Note: the following question was left on this post, and I thought I’d answer it here.
Question: “Hi mike i want to ask u about bicep muscle difference how to make left bicep is perfect my right is fine plz help” -Tahir
Answer: So, if I understand you correctly, one of your biceps is bigger/better than your other bicep. This is totally normal and very common. Most people have a dominant side and this will result in disparities in your muscle development all throughout your body. For example, if you’re right handed, it’s likely that your right arm is bigger and stronger than your left arm.
The simplest way to correct an imbalance like this is to train with unilateral exercises (e.g. doing bicep curls with dumbbells instead of a barbell). If you train each arm independently, you’ll weaker muscle will be more likely to catch up with your dominant side. On the other hand, if you’re always training with bilateral exercises (i.e. using both arms at the same time or with the same tool, etc.), then your stronger side might take over more of the workload.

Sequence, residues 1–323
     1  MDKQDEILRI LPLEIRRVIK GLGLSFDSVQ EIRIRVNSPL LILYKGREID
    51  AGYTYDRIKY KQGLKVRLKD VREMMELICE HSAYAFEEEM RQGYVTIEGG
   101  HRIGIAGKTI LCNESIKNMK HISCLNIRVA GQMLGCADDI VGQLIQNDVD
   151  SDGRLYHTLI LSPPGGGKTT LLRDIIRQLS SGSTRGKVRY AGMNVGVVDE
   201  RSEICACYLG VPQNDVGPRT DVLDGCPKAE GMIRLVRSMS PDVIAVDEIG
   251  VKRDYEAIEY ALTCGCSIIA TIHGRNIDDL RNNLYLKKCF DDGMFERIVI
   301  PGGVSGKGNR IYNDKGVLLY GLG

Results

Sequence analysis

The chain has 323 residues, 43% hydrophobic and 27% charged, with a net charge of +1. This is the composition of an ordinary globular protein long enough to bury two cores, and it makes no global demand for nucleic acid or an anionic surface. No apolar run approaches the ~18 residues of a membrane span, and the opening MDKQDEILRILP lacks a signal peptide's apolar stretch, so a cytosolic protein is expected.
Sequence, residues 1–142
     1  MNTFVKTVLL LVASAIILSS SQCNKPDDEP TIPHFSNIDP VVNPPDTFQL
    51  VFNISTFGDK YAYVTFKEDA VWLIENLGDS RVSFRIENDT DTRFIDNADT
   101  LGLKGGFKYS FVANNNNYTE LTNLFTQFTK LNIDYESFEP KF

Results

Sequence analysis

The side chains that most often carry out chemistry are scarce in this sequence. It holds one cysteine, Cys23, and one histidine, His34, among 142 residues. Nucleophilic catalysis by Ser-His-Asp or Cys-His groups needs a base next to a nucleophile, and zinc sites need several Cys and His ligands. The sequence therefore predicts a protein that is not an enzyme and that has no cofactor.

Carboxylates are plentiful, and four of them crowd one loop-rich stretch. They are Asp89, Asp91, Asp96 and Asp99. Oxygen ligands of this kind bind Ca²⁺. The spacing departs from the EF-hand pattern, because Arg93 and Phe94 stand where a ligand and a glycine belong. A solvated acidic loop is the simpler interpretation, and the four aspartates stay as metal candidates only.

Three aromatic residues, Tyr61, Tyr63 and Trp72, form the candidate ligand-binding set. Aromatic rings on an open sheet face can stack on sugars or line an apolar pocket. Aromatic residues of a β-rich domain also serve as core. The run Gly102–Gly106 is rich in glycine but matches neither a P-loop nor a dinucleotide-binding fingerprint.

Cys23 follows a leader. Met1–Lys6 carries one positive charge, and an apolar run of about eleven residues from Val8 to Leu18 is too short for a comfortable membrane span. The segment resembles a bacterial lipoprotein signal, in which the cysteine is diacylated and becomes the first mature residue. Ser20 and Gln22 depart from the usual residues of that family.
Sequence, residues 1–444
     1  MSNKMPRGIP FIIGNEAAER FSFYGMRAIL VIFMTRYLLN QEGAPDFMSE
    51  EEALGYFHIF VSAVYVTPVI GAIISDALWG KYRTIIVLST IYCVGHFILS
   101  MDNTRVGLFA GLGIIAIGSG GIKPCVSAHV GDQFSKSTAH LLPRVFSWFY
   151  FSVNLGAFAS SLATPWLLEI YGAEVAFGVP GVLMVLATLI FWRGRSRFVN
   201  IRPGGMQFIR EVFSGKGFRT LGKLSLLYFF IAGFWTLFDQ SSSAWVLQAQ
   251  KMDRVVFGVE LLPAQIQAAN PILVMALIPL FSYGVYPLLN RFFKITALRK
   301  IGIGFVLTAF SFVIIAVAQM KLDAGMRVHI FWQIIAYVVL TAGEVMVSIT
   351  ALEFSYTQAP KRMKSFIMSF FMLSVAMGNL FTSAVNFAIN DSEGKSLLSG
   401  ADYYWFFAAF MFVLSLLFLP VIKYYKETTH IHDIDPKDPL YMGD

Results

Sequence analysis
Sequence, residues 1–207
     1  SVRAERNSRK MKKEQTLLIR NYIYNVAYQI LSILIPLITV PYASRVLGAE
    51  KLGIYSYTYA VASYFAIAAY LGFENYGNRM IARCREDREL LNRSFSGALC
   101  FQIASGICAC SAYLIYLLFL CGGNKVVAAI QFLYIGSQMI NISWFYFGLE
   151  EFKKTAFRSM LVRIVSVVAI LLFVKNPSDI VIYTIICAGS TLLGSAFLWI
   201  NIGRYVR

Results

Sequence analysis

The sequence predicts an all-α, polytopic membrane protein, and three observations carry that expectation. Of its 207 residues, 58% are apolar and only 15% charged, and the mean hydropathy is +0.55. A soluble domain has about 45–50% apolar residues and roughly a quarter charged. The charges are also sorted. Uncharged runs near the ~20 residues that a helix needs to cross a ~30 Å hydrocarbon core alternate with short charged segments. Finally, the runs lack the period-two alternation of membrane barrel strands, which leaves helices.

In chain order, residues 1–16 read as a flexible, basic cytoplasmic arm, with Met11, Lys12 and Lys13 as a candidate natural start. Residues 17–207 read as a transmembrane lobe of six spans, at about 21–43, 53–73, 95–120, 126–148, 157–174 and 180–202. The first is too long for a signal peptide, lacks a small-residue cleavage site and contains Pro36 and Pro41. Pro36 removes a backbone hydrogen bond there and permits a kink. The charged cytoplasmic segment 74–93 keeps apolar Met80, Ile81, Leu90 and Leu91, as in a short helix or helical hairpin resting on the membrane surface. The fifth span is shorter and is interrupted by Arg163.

So, here are some ideas for different exercises you can do to help your biceps even out…
- One-arm dumbbell rows
- One-arm cable rows
- Assisted one-arm chin-ups
- One-arm standing or seated dumbbell curls
- Alternating dumbbell curls
- Dumbbell concentration curls
- One-arm dumbbell preacher curls
- One-arm cable curls
I’d recommend swapping out some of your current bilateral arm exercises for some unilateral ones. You don’t have to replace all of them, necessarily, but doing some focused unilateral work will definitely help.
Also, don’t make the mistake of adding even more training volume and intensity on top of your current program. You don’t want to run the risk of over-training your under-developed arm. Keep your training volume and intensity in line with what you’ve been doing recently. Just change the types of exercises and the focus of your training.
While you’re performing your exercises, try to strengthen the mind-muscle connection of your weaker arm by focusing on the contraction on that side. Think about performing each rep smoothly and slowly, and squeezing your biceps hard during the most difficult portion of the ROM. For example, during a dumbbell curl, squeeze your biceps hard in the top position, when your elbow is fully flexed. This will help to improve the neural efficiency of your bicep muscles, which will help them activate more muscle fibers and contract harder (which equals more strength and size down the road).
Most people can self-correct major disparities in muscle size using the strategies above. But in some cases, additional help may be needed, especially if you’re noticing pain or an injury developing on your weaker side. And that’s when it’d be a good idea to enlist the help of a competent professional.
Note: if you have any further questions, feel free to Contact Me.